Just to survive, Israel first had to win its War of Independence, then the Six-Day War in 1967 and the 1973 Yom Kippur War. Now it has to win the Peace War -- if you will, the Ironic War.
For even as Arab-Israeli friction is cooling at the center, the heat is building up around its edges, from scimitar-rattling by Islamic extremists in the region to deadly car-bombings of Israelis and Jews as far away, and as far apart, as London and Buenos Aires.
The accord reached by Jordan and Israel in Washington put a public and formal face on a relationship that has been private and informal for decades, and adds usefully to the momentum for peace, at least on site.
The quiet relationship between King Hussein and a succession of Israeli governments kept the Israel-Jordan border peaceful.
It protected Hussein from any designs Hafez al Assad next door might have had on Jordan on behalf of his claims to a Greater Syria, and it was at least a provisional assurance to Israel, especially after the peace with Egypt, that its immediate neighbors would be unlikely to attack it again.
Out of the closet, the relationship does still more. It hedges Yasser Arafat's risky, inflating claims on behalf of the Palestine Liberation Organization -- to Jerusalem, for instance, and potentially to Jordan's own huge Palestinian population.
It frees Jordan and Israel to act jointly to keep the PLO focused on, and limited to, the agenda for the Gaza and the West Bank. (Though Jordan and Israel must be careful not to box Mr. Arafat too tightly; he can still create huge mischief for both.)
The move is even potentially a step toward involving hang-back Syria in peacemaking.
Syria has long had a de facto veto over Hussein's foreign policy. That the king has taken this step means Mr. Assad gave him a bye, knowing full well that one result would be increased attention to Syria's own holdout status.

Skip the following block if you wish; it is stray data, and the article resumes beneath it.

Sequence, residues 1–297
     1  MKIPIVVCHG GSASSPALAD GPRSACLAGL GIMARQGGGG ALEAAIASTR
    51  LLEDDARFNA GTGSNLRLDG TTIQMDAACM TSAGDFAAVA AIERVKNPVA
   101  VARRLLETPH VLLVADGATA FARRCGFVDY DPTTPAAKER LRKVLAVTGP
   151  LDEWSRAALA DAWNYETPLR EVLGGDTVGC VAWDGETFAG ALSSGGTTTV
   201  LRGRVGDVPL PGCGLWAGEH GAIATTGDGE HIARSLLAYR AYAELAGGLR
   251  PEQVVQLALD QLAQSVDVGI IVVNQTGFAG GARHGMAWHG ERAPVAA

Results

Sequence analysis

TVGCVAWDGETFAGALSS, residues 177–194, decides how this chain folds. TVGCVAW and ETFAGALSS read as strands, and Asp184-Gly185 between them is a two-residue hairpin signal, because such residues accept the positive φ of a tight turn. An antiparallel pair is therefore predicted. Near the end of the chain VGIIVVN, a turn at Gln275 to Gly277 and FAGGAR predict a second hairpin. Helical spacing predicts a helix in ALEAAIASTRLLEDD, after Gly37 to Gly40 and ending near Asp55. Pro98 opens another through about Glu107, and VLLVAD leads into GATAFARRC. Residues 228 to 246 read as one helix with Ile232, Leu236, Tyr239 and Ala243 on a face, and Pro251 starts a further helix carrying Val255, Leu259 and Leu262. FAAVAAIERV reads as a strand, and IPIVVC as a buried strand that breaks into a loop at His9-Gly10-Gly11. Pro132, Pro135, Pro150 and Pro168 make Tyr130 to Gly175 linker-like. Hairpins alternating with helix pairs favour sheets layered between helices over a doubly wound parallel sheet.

The Syrian president hasn't so much opted out of the game as, he hopes, upped his value in it. But even if Syria signs on, Israel will be far from home free.
Its death as a nation is still the sworn business of radical Islamic states like Iraq and Iran and of Muslim revolutionaries fighting for control in Algeria and elsewhere.
The idea of the renewed terrorism is to kill the peace, once again anathematizing Israel and reopening the possibility, however far-fetched, of another Arab gang attack on it.
None of that is likely, but it can be made far less likely if other nations now begin the overdue process of isolating the states that sponsor terrorism or harbor terrorists.
That means Iran primarily, but Iraq, too -- and Syria, for allowing Hezbollah and the like to operate in Syrian-controlled Lebanon.
With Israel making peace all around, anti-Israeli and anti-Jewish terrorism stand revealed as acts of empty political temper without even a gloss of credible political agenda.
Israel, forthcoming, has earned firm international cooperation 11 against a terrorism whose first target may be Middle East peace, but whose second is the frail infrastructure of international civility itself.
Tom Teepen is a columnist for the Atlanta Journal-Constitution.